How To Install Carpet Over Ceramic Tile

Tile is a good choice for homeowners looking for an easy to clean flooring surface. Over time, you might start to want something a little more comfortable underfoot and start looking at a carpet option instead. If you don't want to go through the headache of ripping out tile, how can you install carpet right over the ceramic tile? We've done the research for you to find out!

Installing carpet over tile is possible and isn't as hard as you might think. It will take a few different materials but in the end, it isn't too far off from installing carpet into the subfloor. These methods are an average difficulty and will take about a day to complete if done straight through. 

Three methods to try out:

  1. Cutting the tile edges
  2. Glue on tack strips
  3. Carpet tiles

These three methods will be the most user-friendly processes for DIY homeowners. We'll be taking a look into what goes into each method, as well as what tools you'll be needing to complete each one. Installing carpet will require you to be on your hands and knees for the whole process, so remember to stretch out beforehand! Let's get started!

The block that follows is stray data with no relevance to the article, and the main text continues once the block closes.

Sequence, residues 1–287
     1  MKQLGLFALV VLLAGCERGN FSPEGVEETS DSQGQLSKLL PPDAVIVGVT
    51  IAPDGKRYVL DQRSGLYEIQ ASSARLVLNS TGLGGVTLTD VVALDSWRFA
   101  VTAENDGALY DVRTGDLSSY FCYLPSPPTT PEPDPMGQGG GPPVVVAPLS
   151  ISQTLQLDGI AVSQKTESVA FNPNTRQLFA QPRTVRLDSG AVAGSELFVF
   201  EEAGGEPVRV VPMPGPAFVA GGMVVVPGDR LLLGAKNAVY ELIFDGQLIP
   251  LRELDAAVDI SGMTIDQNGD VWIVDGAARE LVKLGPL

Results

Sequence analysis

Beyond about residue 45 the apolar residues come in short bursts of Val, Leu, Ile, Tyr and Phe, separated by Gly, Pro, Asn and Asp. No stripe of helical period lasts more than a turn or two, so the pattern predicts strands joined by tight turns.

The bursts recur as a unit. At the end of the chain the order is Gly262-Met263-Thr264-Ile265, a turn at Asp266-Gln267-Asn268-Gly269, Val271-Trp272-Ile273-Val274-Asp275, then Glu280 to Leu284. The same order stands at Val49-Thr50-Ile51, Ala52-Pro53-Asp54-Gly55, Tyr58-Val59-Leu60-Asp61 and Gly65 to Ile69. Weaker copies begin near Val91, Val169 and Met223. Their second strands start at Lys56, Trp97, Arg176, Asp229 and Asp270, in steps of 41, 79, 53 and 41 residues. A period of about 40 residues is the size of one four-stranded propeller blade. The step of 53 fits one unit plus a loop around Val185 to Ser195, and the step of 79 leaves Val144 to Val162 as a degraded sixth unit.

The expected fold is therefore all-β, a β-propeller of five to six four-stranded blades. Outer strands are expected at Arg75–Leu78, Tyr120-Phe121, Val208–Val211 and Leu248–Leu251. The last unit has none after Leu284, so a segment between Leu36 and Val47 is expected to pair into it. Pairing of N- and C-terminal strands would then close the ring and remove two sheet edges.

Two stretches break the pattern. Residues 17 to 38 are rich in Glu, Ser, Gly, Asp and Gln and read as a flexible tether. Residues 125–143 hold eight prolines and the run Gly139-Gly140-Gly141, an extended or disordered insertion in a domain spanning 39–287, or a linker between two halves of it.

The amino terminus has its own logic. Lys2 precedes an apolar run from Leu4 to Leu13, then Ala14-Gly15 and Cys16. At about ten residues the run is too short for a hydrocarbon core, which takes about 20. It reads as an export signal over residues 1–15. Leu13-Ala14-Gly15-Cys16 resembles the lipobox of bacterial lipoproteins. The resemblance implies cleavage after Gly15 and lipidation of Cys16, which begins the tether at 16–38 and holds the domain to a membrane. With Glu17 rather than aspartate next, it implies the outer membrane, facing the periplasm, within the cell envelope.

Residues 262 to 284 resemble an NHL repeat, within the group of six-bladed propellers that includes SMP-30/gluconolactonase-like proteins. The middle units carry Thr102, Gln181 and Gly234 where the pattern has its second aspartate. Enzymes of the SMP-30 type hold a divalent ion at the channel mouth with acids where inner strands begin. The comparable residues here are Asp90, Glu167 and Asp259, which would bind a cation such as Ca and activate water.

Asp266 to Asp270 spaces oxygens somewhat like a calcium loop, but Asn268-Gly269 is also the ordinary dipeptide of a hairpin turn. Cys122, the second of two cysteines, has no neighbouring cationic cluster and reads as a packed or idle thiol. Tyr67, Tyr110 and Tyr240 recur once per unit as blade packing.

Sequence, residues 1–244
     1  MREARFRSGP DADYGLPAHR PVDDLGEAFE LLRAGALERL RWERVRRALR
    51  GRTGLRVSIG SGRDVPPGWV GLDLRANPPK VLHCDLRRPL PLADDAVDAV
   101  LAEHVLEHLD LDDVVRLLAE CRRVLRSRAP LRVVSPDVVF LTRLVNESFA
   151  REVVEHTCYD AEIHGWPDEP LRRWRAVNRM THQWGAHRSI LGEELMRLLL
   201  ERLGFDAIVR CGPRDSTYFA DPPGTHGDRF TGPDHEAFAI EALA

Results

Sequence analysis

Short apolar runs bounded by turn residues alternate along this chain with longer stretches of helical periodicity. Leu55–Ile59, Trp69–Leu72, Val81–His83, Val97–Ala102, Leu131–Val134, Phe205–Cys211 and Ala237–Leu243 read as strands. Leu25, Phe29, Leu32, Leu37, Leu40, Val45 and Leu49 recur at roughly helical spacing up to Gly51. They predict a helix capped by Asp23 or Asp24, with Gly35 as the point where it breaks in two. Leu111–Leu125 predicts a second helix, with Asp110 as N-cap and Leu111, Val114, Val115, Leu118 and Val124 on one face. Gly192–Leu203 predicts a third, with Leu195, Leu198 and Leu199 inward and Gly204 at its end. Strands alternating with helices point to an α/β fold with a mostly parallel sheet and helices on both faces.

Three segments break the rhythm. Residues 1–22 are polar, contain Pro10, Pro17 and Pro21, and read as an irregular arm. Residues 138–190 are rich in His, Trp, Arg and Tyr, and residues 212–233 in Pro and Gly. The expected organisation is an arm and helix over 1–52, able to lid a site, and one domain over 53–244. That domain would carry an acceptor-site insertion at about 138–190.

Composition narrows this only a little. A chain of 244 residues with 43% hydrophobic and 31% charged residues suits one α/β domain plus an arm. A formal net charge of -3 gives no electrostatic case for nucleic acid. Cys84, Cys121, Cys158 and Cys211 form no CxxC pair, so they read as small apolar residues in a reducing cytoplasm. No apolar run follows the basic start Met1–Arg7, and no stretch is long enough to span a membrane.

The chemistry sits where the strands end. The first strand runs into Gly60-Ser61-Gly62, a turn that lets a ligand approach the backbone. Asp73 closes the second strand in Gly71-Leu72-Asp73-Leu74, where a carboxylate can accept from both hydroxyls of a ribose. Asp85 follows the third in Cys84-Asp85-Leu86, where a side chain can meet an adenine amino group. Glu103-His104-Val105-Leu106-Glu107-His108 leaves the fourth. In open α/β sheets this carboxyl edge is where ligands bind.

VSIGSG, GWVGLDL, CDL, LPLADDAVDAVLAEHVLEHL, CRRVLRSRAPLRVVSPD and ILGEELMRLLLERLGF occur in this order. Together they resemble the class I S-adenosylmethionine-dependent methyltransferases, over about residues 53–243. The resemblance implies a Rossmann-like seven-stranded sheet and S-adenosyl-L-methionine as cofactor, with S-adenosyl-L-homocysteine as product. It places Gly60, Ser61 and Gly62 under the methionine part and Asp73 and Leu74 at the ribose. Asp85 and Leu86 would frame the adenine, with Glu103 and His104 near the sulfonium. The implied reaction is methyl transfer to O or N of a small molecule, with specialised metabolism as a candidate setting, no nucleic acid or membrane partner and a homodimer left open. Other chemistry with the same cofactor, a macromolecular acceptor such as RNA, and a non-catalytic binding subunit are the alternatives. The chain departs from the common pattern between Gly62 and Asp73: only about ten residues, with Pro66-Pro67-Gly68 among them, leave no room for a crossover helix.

A carpet installer using knife to trim wall edge, How To Install Carpet Over Ceramic Tile

Cutting the tile edges

This method will be the most labor-intensive. However, it can give you a much more stable grip on the carpet as you'll be nailing the tack strips directly into the subflooring. To begin, remove the baseboards and then score and cut out 2-2.5 inches of the tile edging. Once they've been chipped out, smooth down the subflooring and clean the area well.

Measure the wall lengths and cut your tack strips with snips and lay them into place. Using masonry nails, nail the strips into place. Lay your sized underpadding out over the entire room. Take a moment to look at where the underpadding rolls of the cut edge. There might be some unevenness that you can add another small strip to level the height out. If you needed to cut the underpadding into strips, put down seaming tape where they connect. 

Click here to view this carpet tape on Amazon.

Glue on tack strips

The next option doesn't require any extra cutting but will need a strong adhesive glue. Based on a DIY forum, Chemex, also branded as MasterWeld, is one of the top choices for gluing tack strips to ceramic tile. This adhesive will take two hours to cure and then the carpeting process can be continued. 

Gluing on tack strips means you don't have to cut, nail, or rip out any of the existing tiles. However, you will still need to remove the baseboards before beginning. This can be an option for people on a budget and help the next occupants change the carpet without as much hassle. Just like the first method, you'll want to make sure the underpadding is even. You can even opt for thicker padding or carpet to make it more level.